York International Scholars Program Guidelines
The College of Agriculture E.T. York International Scholars Program (ISP) seeks to further the international research, teaching and outreach programs of Auburn University. It seeks to foster faculty and graduate students exchanges of knowledge, technologies and experiences in agriculture, primarily in a development assistance context.
The program does not support travel to international conferences.
The ISP provides limited support to Auburn agriculture faculty and graduate students who wish to gain an understanding of working in foreign conditions, particularly where their research, specialized studies, teaching or outreach program could make a difference in the quality of life for local populations.
An important component of the program is to provide an international experience for individual faculty and graduate students with little or no previous travel outside the U.S. By so doing, Auburn faculty and graduate students are better prepared to appreciate and deal with the global nature of agricultural issues in the world today.
We particularly encourage faculty travel with one or more U.S. graduate students to developing countries. The students may assist in the conduct of workshops, field work or data collection. They also may visit farms, facilities, universities and otherwise engage their subject-matter with the life of the developing country.
Offering an AU graduate course in a Maymester Abroad format (intensive instruction and field visits for three to four weeks) at an institution in a developing country is a type of project that is particularly encouraged. Typically such projects involve cost-sharing by the students, the host institution and the ISP program. The host institution’s students can take the AU course and receive credit from their university.
Use of Funds
Selection of award recipients will be based on available resources and criteria developed by a committee of faculty organized by the College of Agriculture. Funding normally is provided only for travel and subsistence costs while abroad, though in some cases other expenses associated with the activity may be requested and justified in the proposal.
Proposals are evaluated on scientific and scholarly merit. Applicants are expected to provide realistic estimates of costs and final awards are typically negotiated with the applicant. Cost-sharing by collaborating foreign or domestic institutions to support proposed activities is desirable, although not required.
Awards will be made according to estimates of need and normally will not exceed $5,000. Group projects (e.g., Maymester classes, study tours) may exceed this total with a more modest amount per participant. The maximum duration of funding will be four months or a semester. Additional justification must be made for longer project periods. Please use the “Other Locations” federal per diem rates to budget your hotel and meal costs, but reimbursement will be made on actual hotel costs.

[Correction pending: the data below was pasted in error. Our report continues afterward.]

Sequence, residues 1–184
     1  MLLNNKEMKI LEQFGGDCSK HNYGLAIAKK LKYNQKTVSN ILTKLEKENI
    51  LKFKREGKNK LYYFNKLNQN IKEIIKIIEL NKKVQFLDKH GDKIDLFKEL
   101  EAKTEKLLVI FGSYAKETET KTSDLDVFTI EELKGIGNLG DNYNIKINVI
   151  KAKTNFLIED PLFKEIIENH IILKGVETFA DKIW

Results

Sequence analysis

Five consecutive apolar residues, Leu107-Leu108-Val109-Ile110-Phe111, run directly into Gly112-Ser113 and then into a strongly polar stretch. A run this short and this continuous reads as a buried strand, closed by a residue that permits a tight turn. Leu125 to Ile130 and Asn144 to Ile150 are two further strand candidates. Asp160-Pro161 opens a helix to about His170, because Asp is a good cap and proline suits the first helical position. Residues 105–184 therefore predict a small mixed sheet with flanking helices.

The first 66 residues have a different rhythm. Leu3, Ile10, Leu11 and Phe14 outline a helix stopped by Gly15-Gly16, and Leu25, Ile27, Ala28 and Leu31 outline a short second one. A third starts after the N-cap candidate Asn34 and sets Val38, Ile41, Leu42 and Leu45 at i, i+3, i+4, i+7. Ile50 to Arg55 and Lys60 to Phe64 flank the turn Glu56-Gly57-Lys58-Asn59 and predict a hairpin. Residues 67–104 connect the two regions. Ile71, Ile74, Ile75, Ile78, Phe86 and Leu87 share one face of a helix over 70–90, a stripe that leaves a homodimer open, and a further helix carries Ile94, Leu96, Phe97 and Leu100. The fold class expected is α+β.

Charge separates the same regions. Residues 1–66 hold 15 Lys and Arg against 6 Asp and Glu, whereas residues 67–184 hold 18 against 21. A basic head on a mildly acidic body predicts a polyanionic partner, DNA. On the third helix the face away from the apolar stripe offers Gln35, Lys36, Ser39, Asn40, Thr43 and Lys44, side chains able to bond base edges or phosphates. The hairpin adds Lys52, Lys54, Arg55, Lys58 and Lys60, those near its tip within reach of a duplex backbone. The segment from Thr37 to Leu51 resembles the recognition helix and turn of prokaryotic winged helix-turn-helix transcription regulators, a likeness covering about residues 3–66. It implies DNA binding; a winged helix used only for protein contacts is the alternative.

Proposals are typically reviewed in batches based on September 5, November 5 and February 5 submission deadlines. The committee will promptly review ISP proposals and make awards.
The research/study/teaching/outreach program must be carried out in collaboration with a counterpart university or research/study/ teaching/outreach center, with priority given to organizations in developing nations.
Priority is given to projects in low or lower-middle income countries. For projects in other locales, justification must be provided in the proposal narrative, e.g., how the project will take place in a less-developed, agricultural area of a middle-income nation.
Faculty in agriculture are eligible to apply for ISP awards.
Graduate students in agriculture who have completed at least a year of course work toward a master’s or doctoral degree are eligible to apply.
ISP proposals from previously funded ISP awardees will be considered, but must be well-justified. Faculty leading groups of students to developing countries are a focal interest of the program. Preference will be given to first-time applicants.
The York ISP program can support the costs for the faculty and graduate students in the first edition of a Maymester course. Subsequent offerings should reflect increasing cost-sharing of faculty travel by the CoA department, but continued support for graduate student participation can be provided by York ISP.
Content of York ISP Proposals
- ISP proposals are submitted to the Office of Global Programs by email (a single PDF file) to firstname.lastname@example.org.
- Click to view the suggested format for an ISP Request.
- The Request for Funding includes:
- project title
- start and finish dates
- objectives – A short and concise statement of goals
- description – A 500-word or less project summary that briefly describes planned activities and the benefit to Auburn University
- foreign institutional support
- All ISP proposals must include a letter of invitation/commitment from the foreign host institution or local sponsoring organization.
- All ISP proposals submitted by graduate students must include a letter of recommendation from their academic adviser.
- For research activities, appropriate Human Subjects (IRB) or Animal Use protocols must be submitted at time of proposal and approved prior to use of funds.
- A brief resume (up to two pages) of the requestor must be included with the ISP proposal.
- A brief resume of each project participant should also be included for study tours or courses taught abroad.
Successful applicants are expected to provide a seminar sharing their findings, project experiences and accomplishments during the semester following their trip.
ISP seminars are open to all interested faculty and students.